Running Blind

While running last Sunday’s half-marathon, I found myself behind a man who had a loose cloth dangling from his wrist. As I got closer to him, I noticed that the runner beside him was holding onto what was not a cloth, but some kind of strap. Suddenly, I got it; they made a team of a visually impaired runner and guide.

Watching the two of them running down Red Hill Valley Parkway together was absolutely inspiring. Each runner’s step was in sync with other’s; they were fluid. The visually impaired runner was especially light on his feet and always landed on his forefoot; his partner did the same. They spoke, one telling the other approximately how many more steps to take until a turn, stating kilometre markers, commenting on other runners that they were approaching and trying to pass – and how to get around them.

I was amazed by the fact that the vision impaired runner was able to run as smoothly and as fast as he did. But, I was in awe by the dedication and training that went into the guide’s run. He was obviously a strong runner but, rather than racing for himself, he likely spent months training with his partner so that they could run as one, like a well-oiled machine. I imagine him as someone who has done as much as he can for himself with running; now, he is giving back to the community and guiding others in their dreams.

Here I am, a week later, and I still can’t get the image of these two running together out of my mind. And, I keep thinking the same word over and over: WOW!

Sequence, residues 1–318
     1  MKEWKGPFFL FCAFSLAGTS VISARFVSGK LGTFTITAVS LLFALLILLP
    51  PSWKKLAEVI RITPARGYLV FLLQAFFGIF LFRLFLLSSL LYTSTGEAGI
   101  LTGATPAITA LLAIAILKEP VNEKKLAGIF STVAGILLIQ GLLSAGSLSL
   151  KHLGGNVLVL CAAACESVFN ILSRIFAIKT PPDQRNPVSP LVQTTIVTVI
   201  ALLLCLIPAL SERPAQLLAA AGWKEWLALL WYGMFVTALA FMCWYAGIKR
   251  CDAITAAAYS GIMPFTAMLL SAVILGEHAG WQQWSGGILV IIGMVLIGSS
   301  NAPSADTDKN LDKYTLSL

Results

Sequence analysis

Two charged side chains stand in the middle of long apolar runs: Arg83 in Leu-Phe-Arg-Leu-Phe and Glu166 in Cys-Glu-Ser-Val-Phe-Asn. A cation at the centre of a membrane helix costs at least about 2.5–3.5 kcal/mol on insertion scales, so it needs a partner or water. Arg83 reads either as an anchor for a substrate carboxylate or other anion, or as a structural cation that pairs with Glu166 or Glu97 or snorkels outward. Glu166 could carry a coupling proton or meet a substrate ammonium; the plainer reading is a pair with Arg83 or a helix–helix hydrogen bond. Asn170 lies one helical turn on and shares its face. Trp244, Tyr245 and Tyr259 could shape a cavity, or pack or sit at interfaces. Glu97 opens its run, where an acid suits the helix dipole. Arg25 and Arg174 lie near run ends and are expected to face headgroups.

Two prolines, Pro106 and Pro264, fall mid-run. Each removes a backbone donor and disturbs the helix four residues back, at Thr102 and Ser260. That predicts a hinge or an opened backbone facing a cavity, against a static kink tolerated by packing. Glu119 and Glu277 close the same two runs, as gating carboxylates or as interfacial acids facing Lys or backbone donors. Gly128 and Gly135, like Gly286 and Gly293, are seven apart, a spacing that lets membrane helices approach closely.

Author: Cynsspace

I am a 50+ mother of two boys, a wife, a dog owner, and teacher. Mixed in between, I train to stay competitive as a Masters Runner in the Canadian racing scene. This is my story “Cyn’s Space” – the good, the bad and anything else that comes to mind.

9 thoughts on “Running Blind”

  1. That's a great image. My friend paced her blind cousin through the Chicago Marathon this year and said it was one of her best experiences ever. I love that people give the visually impaired the opportunity to experience running outdoors!

  2. Makes you feel thankful to participate in this great sport and realize how easy we have it.
    I also like your takeaway about reaching a point in your running career where your satisfaction is derived from the success of others. That's a good life lesson. Thanks for sharing.

  3. Wow! That is so cool! The guide has to be such a good soul. And then the other – what faith you have to put into someone to RUN with you. I wish I could have seen that for myself. Very inspiring!

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